Joseph Price

Year of Call: 2019, Middle Temple

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Joseph joined Chambers in September 2020 following a civil pupillage under the supervision of David Boyle, during which he worked on a range of personal injury, clinical negligence, inquest and insurance fraud matters. 

Personal Injury & Clinical Negligence

Joseph had a broad personal injury practice, representing claimants and defendants at interim hearings, CCMCs and trials. He is frequently instructed to provide advice and draft pleadings in fast and multi-track cases and has appeal experience.

Recent clinical negligence cases have included delayed diagnosis, failure to obtain informed consent and dental negligence. He acts on both sides of the litigation and has experience of representing families at inquests where a subsequent civil claim is anticipated.

Family Finance

Joseph advises and acts for clients in disputes about the distribution of assets following the breakdown of both marriage and cohabitation under TOLATA 1996. 

Court of Protection

Joseph has a developing practice in the Court of Protection. He has been instructed by local authorities on section 16 and section 21A MCA 2005 matters and has recently acted for the OPG. 


Notable Cases

  • Gulf View Medical Centre Limited (1) & Roopchand (2) v Tesheira (Trinidad and Tobago) [2022] UKPC 38

    Judicial Committee of the Privy Council

    Consideration of a number of issues pertaining to expert evidence, the range of opinion, CPR35 compliance etc. in the context of a fatal clinical negligence claim in Trinidad.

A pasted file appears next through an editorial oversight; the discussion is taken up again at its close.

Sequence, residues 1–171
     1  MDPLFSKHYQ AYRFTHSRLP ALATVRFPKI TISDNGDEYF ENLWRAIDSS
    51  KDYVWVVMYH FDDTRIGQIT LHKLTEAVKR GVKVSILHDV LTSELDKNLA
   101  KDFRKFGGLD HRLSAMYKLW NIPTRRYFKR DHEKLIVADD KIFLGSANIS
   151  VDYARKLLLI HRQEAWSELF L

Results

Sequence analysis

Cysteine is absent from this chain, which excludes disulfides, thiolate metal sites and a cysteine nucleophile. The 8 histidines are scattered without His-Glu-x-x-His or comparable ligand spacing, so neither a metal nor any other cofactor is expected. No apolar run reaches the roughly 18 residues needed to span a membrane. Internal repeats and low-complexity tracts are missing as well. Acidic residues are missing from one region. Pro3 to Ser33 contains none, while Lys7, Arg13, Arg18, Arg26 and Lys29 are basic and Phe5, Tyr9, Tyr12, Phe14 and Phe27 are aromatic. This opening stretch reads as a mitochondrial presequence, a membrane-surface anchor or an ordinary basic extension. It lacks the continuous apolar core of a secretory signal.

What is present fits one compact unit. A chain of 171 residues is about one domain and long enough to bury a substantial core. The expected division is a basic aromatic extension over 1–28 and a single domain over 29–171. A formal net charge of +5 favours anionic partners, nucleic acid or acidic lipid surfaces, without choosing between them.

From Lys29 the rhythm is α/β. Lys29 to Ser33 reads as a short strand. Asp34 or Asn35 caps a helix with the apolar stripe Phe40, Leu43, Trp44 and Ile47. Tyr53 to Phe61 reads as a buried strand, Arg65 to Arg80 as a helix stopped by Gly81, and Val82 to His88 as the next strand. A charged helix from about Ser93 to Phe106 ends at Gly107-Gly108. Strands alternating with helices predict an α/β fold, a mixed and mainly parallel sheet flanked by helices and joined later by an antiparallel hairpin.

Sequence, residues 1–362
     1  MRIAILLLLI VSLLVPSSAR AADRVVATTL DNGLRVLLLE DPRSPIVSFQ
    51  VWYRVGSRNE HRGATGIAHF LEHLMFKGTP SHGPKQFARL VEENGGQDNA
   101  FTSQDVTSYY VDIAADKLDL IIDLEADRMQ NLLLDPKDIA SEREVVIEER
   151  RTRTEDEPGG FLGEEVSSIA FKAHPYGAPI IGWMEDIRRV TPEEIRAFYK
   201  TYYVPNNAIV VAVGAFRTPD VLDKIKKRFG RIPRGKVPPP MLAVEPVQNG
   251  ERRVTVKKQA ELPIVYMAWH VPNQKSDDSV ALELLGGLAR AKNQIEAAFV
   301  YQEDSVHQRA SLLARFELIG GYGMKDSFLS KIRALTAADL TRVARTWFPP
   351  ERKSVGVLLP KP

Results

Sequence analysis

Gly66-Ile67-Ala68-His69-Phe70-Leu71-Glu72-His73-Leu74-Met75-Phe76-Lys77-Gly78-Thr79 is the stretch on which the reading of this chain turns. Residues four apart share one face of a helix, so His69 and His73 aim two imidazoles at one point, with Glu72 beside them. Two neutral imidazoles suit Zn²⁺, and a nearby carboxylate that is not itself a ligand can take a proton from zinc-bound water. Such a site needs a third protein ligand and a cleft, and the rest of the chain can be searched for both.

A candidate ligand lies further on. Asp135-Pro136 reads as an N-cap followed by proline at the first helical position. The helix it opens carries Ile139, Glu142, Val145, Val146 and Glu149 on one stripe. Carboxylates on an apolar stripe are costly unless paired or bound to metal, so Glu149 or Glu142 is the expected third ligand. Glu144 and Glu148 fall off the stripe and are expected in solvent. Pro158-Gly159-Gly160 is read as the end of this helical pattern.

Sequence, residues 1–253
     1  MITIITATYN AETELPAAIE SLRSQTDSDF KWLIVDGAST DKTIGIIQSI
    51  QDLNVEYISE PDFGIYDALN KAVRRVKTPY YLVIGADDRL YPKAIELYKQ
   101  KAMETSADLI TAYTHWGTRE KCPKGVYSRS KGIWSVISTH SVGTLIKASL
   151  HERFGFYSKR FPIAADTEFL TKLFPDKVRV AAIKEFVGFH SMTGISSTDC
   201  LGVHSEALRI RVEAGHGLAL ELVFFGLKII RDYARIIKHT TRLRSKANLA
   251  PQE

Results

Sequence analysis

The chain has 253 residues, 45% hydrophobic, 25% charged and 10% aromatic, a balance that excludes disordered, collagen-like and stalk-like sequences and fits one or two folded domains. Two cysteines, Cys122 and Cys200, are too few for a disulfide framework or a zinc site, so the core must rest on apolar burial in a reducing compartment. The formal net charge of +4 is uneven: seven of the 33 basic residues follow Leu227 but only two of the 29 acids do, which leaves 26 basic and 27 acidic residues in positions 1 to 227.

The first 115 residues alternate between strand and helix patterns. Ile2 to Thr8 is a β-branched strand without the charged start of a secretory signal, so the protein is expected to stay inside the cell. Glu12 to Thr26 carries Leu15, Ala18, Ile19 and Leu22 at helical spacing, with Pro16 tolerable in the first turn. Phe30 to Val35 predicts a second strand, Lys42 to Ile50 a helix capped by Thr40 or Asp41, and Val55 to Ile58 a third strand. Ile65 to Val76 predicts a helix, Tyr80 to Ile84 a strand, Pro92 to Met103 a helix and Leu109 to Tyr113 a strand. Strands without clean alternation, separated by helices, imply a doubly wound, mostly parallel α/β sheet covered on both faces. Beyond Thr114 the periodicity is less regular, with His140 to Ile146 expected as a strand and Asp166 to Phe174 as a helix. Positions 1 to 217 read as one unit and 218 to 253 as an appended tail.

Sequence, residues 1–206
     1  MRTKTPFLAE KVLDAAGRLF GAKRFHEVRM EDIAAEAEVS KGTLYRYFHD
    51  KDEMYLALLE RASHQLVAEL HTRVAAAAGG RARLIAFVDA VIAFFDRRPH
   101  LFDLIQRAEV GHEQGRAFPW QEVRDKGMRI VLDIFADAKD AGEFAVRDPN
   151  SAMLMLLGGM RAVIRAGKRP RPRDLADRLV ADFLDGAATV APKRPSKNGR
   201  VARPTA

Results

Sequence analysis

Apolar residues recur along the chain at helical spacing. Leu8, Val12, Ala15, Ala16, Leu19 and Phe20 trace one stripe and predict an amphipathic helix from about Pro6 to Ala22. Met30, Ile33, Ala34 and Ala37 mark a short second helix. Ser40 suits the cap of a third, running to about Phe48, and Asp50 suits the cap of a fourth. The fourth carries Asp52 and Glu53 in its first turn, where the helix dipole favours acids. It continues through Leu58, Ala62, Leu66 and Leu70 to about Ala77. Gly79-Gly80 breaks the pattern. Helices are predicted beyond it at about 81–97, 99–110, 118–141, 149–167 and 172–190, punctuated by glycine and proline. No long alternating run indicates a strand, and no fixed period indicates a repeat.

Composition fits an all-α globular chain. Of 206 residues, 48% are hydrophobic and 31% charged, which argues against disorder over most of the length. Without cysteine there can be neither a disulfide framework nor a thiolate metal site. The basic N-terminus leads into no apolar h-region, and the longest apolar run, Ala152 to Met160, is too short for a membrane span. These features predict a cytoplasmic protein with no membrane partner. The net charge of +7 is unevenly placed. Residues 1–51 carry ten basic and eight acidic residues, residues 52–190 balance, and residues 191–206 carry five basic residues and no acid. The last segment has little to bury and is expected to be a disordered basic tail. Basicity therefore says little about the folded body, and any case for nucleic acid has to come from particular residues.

In April 2004, Mr Tesheira, a former captain of the Trinidad football team, underwent a TURP procedure under the care of a Dr Goetz at Gulf View Medical Centre in San Fernando, Trinidad. Dr Roopchand was the anaesthetist. Unfortunately, Mr Tesheira developed heavy bleeding after the surgery and, despite the efforts of various doctors, died. The claim against Dr Goetz having been compromised, the action proceeded against the Medical Centre and Dr Roopchand. At the conclusion of the Claimant’s case, the Defendants, represented by Mary O’Rourke KC, argued that there was no case to answer by reason of the nature and strength of the evidence presented. The High Court rejected that argument and, the Defendants having been put to their election, entered judgment for TTD$18,034,772.33 (approximately £2.25M). The Court of Appeal overturned a number of findings of fact, but concluded that Dr Roopchand had been negligent and that the Medical Centre owed a Non-Delegable Duty to Mr Tesheira.

    Joined the case for the hearing before the Privy Council as second junior to Miss O’Rourke KC and David Boyle, assisting particularly with the drafting of the final Statement of Case which argued a number of points including the approach to the expert evidence and its quality, procedural unfairness, the effects of an admission in certain respects of the Claimant’s case, the Bolam test, and non-delegable duties under Woodland v Essex.

    Ultimately, the Court found that there were no novel points of law, and that the admission, made by previous solicitors in the initial Defence, meant that several of the arguments raised were not, in fact, open to the Appellant on this appeal, which was, accordingly, dismissed.


  • Attorney General’s Junior Barrister Scheme
  • Advocate (formerly the Bar Pro Bono Unit)

Professional Associations

  • Personal Injuries Bar Association
  • Court of Protection Practitioners Association


  • The University of Manchester – Law LLB (First Class)
  • BPP University – BPTC (Outstanding)

Articles by Joseph